Anyway, this old monstrosity consists of two side by side ovens, which are both at just the right height - no bending down. The larger oven is really large too, not these tiny ovens they make these days. But what a marvel it must have been 40 years ago in the 1960s when it was new and everything was working: rotisserie, programmable to turn on and off, there was a built in meat thermometer which turned off the heat when the meat reached the right temperature, and there are even powerpoints. Note modern day accessories (click on photo to enlarge): additional thermometer on top of oven, and bottle of wine at the ready to smooth the cooking process.

All four of us are used to coping with the wild fluctuations in temperature, eventually getting the thing to stabilise. The other night Toby cooked one of his specialties, the mustard coated roast lamb from a Julia Child cookbook. Although he complained about the usual scenario of the temperature soaring at first, then having to use tricks to reduce it but maintain the correct temperature, the roast came out perfectly. Ah yes, these men who can cook...

Saturday, August 27, 2005

If bloggers had been around throughout history

Well lol, this is really funny, but I wish it could be extended to cover more historical events. It's a "what if" scenario that imagines what would have been blogged at various times throughout history. A good start. Found it via Millie's blog.

Saturday, August 20, 2005

We are the survivors!

TO ALL THE KIDS WHO SURVIVED the 1930's 40's, 50's, 60's and 70's
(sent by one of Mel's colleagues) now deleted, read on...

24 August: I was just about to delete this post because:
1) it wasn't in my own words, and
2) it went on for too long.

But something made me scroll to the bottom of the post, and there was a....
COMMENT! This does not happen too often (hint hint), something of an event, in fact. The comment is from Millie, an 80 year old blogger whose site I found yesterday via a food blog I read. Now this Millie is really something, she even gets into making videos and posting them to her blog. Read it and be amazed. Puts me to shame....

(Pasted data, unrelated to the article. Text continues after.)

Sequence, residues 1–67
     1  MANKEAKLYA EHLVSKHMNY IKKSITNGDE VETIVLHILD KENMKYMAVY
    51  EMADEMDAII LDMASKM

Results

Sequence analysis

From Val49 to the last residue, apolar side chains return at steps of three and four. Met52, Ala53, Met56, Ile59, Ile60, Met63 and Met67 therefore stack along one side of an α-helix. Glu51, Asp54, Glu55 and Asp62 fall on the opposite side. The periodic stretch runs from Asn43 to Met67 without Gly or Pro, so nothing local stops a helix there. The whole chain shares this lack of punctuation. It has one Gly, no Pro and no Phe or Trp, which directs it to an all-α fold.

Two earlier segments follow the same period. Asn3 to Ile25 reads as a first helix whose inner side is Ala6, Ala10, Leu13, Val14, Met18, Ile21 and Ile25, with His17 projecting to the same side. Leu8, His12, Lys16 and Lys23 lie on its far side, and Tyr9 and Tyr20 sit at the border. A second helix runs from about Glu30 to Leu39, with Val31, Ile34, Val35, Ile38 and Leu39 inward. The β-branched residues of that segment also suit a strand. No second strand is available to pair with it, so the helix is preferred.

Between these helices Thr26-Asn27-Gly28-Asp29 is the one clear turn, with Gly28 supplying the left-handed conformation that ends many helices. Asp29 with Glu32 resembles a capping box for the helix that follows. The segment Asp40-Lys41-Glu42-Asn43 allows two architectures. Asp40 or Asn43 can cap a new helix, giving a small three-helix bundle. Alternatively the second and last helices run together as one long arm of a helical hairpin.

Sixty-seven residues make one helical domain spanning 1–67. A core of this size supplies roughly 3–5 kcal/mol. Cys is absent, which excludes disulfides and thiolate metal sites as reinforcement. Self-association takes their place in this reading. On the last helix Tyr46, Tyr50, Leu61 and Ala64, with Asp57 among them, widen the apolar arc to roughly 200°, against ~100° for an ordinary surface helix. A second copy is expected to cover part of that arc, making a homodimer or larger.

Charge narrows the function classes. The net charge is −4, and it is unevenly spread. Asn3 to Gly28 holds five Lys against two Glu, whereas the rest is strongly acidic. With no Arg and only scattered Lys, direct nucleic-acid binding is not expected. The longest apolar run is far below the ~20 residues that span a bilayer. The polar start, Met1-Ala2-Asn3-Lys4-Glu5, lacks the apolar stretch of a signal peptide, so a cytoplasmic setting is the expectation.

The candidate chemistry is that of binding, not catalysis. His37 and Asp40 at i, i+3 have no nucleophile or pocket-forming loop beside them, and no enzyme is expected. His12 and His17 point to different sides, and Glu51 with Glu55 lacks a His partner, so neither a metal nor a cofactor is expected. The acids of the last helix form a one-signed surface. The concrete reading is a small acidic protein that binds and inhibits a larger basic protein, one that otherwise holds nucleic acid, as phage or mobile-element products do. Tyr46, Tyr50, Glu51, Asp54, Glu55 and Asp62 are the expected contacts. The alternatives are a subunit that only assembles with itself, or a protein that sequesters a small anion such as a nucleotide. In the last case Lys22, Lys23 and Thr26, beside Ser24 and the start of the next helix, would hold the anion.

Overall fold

Wednesday, August 17, 2005

Photos from Val's 60th

It was so nice celebrating this event with family and friends.

Even friends who couldn't be there in person sent a photo , and what a nice surprise to get a call from Rochester, New York from longtime friend David. It'll cost you to keep that photo off this blog, David. I wonder if anyone noticed that I was wearing slippers last night? It's my party and I'm 60 and I'll do what I want!!

Tuesday, August 16, 2005

Val's a senior citizen!

I turned 60 today, so am now eligible for discounted tram travel (yay!), cheap tickets to things like the cinema and the ballet and, as my hairdresser told me this morning, discounts on the chairlifts in the snowfields. Thanks, but no thanks. Couldn't care less if I never experienced snow again, although I do have wonderful childhood memories of snowy winters in New York. Uh oh, another jog down memory lane coming up - isn't that what oldies do?

Fortunately I can look back on a beautiful childhood in a warm and loving family, but I'll spare you the details today. I'm too busy getting ready for the dinner we're putting on for 10 of us this evening. Some photos will be taken (digital of course) and I'll try to post them here before we leave for the country tomorrow morning.